For instance, when putting together the trailer for Traci Borum's Christmas-themed novel, Seeking the Star, we focused on finding images of winter and old-fashioned Christmas decorations, rather than trying to depict the characters or events.



Of course, this doesn't mean you shouldn't pair words with images that match when possible - just that it's not 100% necessary (and sometimes not 100% possible, depending on what kind of book you wrote. I had a lovely time searching for visuals for my space opera...).

The stock footage site VideoBlocks has a lot of options, though some types of footage are easier to find than others (basically, you're going to have an easier time if you're doing a contemporary novel than sci-fi/fantasy). You can sign up for a free trial, which means so far, no money spent. If there are items around your house or buildings in your area that you think would illustrate your story well, you can also take your own footage (you don't even need a fancy camera... since web videos are small anyway, a smartphone will do). For the Oracle of Philadelphia trailer, I whipped out my iPhone near some local gothic buildings to get those shots depicting hell (hell in the book is a gothic mansion).

For photos, you can get cheap stock images on Dollar Photo Club, or take pictures yourself (some of those Christmas pictures in the Seeking the Star trailer were ones I snapped at a tea house during my travels).

You don't necessarily need a lot of visuals. For the Sleeper Protocol trailer, we focused on the text and pacing, with a few images interspersed to bring the words to life:



Step 4: Edit it all together

Now that you've got the ingredients, all you have to do is piece it together! Personally, I like to match downbeats in the music to changes in text and footage, since it tends to emphasize the words and drama more. Especially when the music has very strong beats, like in this one:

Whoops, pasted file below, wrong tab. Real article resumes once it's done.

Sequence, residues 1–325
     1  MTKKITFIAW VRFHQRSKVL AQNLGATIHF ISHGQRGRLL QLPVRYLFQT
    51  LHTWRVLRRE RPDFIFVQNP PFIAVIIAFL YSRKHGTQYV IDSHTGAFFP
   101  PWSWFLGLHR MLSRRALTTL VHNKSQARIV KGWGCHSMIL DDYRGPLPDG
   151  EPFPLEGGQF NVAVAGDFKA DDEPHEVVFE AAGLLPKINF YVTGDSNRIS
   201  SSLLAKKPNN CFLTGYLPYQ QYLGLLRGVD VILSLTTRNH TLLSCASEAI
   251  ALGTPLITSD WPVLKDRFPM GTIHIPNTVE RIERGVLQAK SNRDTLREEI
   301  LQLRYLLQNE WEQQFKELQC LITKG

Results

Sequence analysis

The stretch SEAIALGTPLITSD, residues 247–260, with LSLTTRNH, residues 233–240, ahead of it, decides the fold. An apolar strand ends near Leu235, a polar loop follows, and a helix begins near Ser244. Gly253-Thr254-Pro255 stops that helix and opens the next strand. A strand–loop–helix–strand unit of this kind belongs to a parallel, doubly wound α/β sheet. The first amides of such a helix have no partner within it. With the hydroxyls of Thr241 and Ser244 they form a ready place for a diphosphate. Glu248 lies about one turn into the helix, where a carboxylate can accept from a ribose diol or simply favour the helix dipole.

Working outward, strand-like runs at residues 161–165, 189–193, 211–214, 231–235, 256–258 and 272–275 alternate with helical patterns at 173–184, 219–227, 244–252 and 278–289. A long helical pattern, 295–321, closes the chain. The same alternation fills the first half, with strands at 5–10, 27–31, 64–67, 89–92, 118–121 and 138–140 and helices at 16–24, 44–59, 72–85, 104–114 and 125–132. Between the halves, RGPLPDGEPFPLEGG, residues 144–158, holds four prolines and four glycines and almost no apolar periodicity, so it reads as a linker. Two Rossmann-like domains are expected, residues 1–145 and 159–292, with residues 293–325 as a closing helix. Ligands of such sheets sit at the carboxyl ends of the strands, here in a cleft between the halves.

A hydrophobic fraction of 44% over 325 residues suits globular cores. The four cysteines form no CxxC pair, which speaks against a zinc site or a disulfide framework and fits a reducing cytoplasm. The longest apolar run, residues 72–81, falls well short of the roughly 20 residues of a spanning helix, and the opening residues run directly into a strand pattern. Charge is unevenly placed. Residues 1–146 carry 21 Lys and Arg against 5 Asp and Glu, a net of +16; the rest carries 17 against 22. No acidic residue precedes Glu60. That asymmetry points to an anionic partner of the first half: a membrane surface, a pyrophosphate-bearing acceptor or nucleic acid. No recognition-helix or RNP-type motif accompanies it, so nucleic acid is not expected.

When it comes to transitions, keep the pacing in mind. If you're doing a slower-paced trailer (like the one for Seeking the Star), page-turns and fades work well. Fast-paced trailers (like Seeing Evil) pretty much require cuts only. The music will largely dictate the pacing.

You can also use different text colors and effects (iMovie comes with a handful), though use sparingly, since too many sparkles become annoying.


Fair warning: The editing process will probably take longer than you think, just because there are a million ways to tweak the timing and trim footage. And you might end up adjusting the script slightly depending on how things are looking in practice.

That's it! After that, you have a book trailer!

Oh, and just because, here's the trailer I made for my very own Jane Colt trilogy...




5 comments:

  1. I always wanted you to make me a book trailer because you're so good at them - and I don't want to.

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  2. Great tips, Mary! I've not done a book trailer yet, but I've been thinking about it. I did get to play around with iMovie a few months ago. My daughter had a book report for school and part of it was to 'bring the book to life'. She decided to do a movie trailer and it was a lot of fun. It turned out so cute. I could see how it would be easy to use for a book trailer as well. Also - love all the trailers you worked on! Great job.

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    Replies
    1. Thank you! I think they're wicked fun :-D

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  3. Thanks for the tips! I'd love to have a book trailer someday, so I'll probably refer back to here. Need all the help I can get, b/c I suck at technology...